Since the General Election, the Charities Tax Reform Group and the sector umbrella bodies have been pressing the Government to reform the complex and anomalous system of levying VAT on charities and voluntary organisations. Third Sector is supporting the campaign and recently asked the Treasury ten questions about VAT - all of these are printed here alongside the statement it issued as a response. You can find out what our view of the statement is by turning to page 22: please email your own views on its response to firstname.lastname@example.org.
1: The Labour election manifesto said the voluntary and community sector has shown itself to be innovative, efficient and effective, adding: "Its potential for service delivery should be considered on equal terms." What part does the Treasury plan to play in implementing this section of the manifesto?
2: Does the Treasury see any merit in the arguments of the Charities' Tax Reform Group that the VAT system treats charities unfairly and that they cannot compete on a level playing field with the private and public sectors?
3: If so, which aspects of the VAT system could be most easily reformed to make them fairer to charities?
4: Does the Treasury accept that 'section 33' relief, which allows local authorities providing care services to recover input VAT, means that charities providing and competing for similar services will remain at an unfair disadvantage unless similar relief is available to them too?
5: Ministers have claimed that tax relief on giving compensates charities for their irrecoverable VAT burden. But what of charities that get little or no donation money from the public and instead rely on grants from local authorities or grant-making trusts? They are penalised under the VAT system but do not benefit from initiatives such as Gift Aid.
6: In the last two budgets the Chancellor introduced VAT grant schemes to compensate churches for the VAT cost of repairs to buildings. Why can this concession not be extended to other charitable projects?
7: The CTRG says that whereas VAT amounts to 1.5 per cent of total expenditure for the private sector, the comparable figure for charities is 4 per cent and in the case of some charities is 10 per cent. Does the Treasury agree with these figures?
8: If so, does the Treasury think this state of affairs is defensible or equitable?
9: Estimates of the irrecoverable VAT paid by charities range from £500m to as high as £1bn. What is the Treasury's figure for this?
10: Do ministers intend to press the case in Europe for VAT reform for charities during Britain's current tenure of the EU presidency - and, if so, under what headings?
No Government has considered the issue of charities' irrecoverable VAT more seriously than this one. It has conducted two major reviews, which considered this issue carefully and explored the scope for targeted VAT refund schemes. However, the Government has been unable to find a solution that is practical, affordable, well-targeted and based on principle. Instead, the Government has concluded that available resources are better and most effectively deployed through targeted public spending and the existing tax reliefs, rather than a general refund scheme that would risk missing the target and failing to benefit those that the Government particularly wants to help.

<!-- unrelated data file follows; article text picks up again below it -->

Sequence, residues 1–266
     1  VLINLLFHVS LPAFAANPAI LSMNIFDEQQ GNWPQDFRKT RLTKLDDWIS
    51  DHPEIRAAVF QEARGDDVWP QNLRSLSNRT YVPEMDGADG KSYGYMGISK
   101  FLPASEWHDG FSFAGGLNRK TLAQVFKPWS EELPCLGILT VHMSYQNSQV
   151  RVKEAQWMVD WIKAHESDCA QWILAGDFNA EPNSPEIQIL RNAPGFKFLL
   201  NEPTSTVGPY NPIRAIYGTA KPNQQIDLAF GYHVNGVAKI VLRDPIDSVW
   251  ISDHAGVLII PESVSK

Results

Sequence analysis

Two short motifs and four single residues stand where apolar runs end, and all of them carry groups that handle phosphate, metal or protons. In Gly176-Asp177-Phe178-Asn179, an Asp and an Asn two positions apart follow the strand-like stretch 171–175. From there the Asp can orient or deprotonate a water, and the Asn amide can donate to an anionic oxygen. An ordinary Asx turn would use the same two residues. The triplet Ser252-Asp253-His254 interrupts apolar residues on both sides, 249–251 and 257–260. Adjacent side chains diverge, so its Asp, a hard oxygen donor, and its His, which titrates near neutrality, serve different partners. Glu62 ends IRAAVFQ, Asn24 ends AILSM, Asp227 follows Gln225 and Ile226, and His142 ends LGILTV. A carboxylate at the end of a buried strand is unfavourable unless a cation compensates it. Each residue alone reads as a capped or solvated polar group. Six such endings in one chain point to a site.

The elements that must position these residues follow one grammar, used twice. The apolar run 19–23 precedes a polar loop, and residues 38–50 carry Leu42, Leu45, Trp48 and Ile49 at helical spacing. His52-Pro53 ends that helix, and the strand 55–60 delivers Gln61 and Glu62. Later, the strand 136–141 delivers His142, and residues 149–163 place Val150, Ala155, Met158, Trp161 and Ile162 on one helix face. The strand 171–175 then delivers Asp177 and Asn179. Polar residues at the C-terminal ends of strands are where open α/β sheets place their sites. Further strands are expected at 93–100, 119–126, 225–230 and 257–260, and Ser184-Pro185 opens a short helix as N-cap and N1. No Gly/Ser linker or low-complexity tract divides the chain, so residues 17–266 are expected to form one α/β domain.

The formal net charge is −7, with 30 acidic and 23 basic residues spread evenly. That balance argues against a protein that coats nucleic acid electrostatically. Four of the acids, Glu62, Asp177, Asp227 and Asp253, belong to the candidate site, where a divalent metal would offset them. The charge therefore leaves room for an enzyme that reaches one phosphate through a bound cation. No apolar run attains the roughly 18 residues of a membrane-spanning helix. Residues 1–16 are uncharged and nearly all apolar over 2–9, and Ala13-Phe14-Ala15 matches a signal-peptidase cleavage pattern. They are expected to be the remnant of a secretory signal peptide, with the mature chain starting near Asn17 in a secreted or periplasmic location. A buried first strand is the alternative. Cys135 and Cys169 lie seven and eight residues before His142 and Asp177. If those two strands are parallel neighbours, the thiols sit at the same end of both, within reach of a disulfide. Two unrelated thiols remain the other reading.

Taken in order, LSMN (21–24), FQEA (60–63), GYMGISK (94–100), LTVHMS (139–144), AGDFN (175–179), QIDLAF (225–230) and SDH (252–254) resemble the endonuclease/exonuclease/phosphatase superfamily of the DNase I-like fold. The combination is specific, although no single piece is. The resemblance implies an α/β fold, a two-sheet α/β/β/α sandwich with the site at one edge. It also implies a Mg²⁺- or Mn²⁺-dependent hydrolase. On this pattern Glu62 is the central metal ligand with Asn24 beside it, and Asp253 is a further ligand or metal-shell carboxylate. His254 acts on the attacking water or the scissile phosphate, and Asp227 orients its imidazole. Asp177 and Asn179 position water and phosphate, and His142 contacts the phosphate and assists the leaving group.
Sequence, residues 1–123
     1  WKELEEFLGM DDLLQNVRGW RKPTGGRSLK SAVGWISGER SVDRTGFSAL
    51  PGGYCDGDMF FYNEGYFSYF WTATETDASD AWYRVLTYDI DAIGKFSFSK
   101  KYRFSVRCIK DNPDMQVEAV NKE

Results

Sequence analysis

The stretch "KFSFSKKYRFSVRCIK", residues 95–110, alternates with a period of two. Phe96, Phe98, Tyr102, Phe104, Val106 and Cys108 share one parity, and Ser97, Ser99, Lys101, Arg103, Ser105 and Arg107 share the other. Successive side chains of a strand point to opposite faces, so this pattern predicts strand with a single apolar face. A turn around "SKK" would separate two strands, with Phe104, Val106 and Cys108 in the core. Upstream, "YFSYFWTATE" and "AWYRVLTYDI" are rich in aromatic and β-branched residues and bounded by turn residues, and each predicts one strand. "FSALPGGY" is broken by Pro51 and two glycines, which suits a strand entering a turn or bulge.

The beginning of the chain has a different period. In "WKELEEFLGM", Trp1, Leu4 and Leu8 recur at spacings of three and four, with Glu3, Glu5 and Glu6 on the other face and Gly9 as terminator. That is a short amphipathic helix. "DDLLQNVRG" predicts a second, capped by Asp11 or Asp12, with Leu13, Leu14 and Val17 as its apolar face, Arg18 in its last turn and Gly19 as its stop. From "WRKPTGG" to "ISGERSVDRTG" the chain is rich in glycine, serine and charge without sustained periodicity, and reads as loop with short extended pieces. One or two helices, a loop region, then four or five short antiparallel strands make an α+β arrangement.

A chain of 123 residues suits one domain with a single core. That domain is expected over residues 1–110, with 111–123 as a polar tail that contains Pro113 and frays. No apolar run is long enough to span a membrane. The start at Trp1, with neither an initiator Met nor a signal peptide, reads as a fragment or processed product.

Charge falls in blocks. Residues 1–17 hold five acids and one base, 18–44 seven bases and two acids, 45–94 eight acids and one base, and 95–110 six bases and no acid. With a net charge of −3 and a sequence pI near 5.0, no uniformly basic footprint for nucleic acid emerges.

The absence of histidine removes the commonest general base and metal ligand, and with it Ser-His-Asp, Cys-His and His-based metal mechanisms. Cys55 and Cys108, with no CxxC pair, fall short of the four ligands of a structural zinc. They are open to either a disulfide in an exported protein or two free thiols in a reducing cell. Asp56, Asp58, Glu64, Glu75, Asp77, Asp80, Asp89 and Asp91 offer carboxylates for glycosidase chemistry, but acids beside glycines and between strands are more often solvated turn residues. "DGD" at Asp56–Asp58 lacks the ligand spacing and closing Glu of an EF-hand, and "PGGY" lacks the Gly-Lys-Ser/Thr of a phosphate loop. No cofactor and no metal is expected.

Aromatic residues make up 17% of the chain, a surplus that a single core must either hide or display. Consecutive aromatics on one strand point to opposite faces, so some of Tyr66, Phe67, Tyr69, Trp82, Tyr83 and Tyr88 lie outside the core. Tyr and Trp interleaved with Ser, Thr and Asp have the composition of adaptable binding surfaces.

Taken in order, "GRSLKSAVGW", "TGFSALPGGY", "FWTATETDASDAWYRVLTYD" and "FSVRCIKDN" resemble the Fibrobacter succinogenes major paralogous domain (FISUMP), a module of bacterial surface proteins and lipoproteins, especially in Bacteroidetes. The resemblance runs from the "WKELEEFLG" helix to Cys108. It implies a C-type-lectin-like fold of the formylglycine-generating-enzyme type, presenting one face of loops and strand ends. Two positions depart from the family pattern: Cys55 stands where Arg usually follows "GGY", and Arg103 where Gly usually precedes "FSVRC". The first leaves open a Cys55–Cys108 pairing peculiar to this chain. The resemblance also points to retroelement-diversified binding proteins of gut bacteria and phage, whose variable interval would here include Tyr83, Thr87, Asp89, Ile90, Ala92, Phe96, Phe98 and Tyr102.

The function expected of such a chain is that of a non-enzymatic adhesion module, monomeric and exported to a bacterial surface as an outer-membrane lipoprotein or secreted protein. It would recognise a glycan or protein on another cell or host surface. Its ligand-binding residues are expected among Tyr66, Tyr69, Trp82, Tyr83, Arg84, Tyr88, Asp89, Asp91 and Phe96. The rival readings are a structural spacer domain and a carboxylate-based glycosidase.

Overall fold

The Treasury has spearheaded the development of the third sector's role in service delivery and in building stronger communities - leading the 2002 cross-cutting review of the role of the voluntary and community sector in public service delivery, publishing the findings of the 2004 VCS Review and responding to the recommendations of the Russell Commission on youth action and engagement. This has resulted in record targeted investment of more than £450m to develop the sector's capacity for service delivery and greater recognition within government of the role the sector can play.
The Government is working with funders to promote the principle that where third sector organisations engage in service delivery, contracts reflect the full price of delivering the service, including irrecoverable VAT costs. Although there are VAT reclaim arrangements for local authorities, this reflects the original commitment, made when the VAT system was introduced in 1973, that the tax would not fall as an added burden on local ratepayers. Clearly this rationale does not require that the refund scheme be extended to bodies - such as charities - that do not levy local taxation and, apart from the very limited number of bodies covered by section 33 of the VAT Act 1994, no public service delivery body - whether private or public - has an equivalent VAT refund scheme.
Charities enjoy a wide range of tax exemptions and special provisions. As well as the reliefs for charitable giving, most of the income and gains of charities are exempt from income tax, capital gains tax or corporation tax, and many charities benefit from mandatory business rates relief. The various reliefs and special provisions are worth around £2.5bn to the sector every year. This includes a number of VAT exemptions and zero rates that apply to charities, worth at least £200m. So the issue of irrecoverable VAT needs to be set against the broader range of support offered to the charity sector through the tax system and the various spending programmes.